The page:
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The European Central Bank faces the threat that speculators will target the debt of the continent's peripheral countries if they fail to reach an accord on Greece's bailout and the country exits the euro zone, BK Asset Management's Boris Schlossberg told CNBC on Friday.
Speculators do not have a green light to short the debt of countries like Spain and Portugal, but that could change if the ECB gives the impression that the euro zone could come undone.
"If [speculators] feel there's a fracture in the euro zone, that then gives them an opening to break it up even further. That's where you have a danger," Schlossberg said in a CNBC "Squawk Box" interview.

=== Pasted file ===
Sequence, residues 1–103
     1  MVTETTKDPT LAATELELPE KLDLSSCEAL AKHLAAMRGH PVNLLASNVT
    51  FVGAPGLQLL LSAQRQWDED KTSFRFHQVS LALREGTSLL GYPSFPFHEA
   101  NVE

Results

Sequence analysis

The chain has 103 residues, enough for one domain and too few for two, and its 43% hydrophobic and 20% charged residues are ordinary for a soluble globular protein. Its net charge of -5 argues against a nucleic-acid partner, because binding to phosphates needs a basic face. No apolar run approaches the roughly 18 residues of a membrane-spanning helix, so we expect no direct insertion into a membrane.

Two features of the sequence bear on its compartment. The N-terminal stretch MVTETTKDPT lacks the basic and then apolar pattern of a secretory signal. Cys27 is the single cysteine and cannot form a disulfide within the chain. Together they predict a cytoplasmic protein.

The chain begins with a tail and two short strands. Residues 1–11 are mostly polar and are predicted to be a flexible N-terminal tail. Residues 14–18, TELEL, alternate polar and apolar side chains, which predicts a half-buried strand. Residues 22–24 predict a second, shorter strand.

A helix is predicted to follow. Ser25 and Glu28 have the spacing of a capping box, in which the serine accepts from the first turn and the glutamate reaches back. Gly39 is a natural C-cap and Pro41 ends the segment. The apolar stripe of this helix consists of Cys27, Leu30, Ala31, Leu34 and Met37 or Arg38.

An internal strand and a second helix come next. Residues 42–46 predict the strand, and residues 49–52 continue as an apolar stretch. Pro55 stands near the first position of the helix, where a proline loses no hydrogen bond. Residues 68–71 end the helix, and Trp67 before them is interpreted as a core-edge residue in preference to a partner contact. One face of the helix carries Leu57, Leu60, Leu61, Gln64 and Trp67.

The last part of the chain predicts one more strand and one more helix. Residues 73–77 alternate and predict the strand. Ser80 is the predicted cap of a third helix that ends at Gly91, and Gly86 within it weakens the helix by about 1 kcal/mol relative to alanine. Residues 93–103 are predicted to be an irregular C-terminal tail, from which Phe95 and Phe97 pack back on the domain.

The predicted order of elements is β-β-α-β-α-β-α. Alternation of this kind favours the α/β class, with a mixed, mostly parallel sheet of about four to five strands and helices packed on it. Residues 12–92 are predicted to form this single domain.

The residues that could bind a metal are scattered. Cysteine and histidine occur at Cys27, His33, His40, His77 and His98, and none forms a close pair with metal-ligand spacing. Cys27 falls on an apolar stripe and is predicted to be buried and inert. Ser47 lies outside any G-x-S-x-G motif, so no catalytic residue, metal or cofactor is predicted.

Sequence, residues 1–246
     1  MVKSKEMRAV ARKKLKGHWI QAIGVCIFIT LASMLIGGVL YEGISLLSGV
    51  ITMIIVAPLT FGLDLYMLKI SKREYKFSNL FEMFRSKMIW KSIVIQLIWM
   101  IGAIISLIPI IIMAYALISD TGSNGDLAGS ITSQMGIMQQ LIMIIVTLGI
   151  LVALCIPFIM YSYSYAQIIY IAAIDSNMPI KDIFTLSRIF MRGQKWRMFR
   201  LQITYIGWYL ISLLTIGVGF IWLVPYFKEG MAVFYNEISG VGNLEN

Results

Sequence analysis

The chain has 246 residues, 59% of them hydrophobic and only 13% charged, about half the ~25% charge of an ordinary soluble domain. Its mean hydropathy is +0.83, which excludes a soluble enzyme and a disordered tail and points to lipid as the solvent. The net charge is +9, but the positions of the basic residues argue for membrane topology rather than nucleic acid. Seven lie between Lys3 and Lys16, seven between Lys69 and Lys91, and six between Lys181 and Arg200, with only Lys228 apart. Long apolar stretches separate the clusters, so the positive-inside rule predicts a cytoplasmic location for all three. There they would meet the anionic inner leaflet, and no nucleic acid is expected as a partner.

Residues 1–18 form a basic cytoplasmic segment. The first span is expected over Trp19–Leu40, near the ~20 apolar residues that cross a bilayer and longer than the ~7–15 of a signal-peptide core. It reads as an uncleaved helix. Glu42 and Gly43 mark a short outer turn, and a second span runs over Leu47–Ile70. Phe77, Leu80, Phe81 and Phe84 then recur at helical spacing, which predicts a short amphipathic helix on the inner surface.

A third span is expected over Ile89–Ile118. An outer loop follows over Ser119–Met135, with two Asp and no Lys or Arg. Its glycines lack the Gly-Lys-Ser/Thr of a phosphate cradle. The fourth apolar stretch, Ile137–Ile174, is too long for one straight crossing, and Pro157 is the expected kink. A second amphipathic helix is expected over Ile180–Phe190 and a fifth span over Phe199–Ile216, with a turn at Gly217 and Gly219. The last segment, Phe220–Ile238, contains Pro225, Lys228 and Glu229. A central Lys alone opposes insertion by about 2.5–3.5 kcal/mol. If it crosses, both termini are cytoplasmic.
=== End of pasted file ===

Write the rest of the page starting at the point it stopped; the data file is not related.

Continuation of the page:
"That's really what the European monetary authorities and all the European fiscal authorities are really worried about. They're much more worried about making sure that there's political unity here, that it's a fortress, because once one chink of the armor goes, the fortress becomes much weaker for everybody else."
European finance ministers are set to meet on Friday for the third time in two weeks to discuss the terms of Greece's bailout. On Thursday, Germany rejected Greece's application for an extension to its loan agreement.
The bailout officially expires on Feb. 28, putting pressure on the parties to come to an agreement. A number of the finance ministers must present the terms of a new deal to their respective country's parliament for a vote.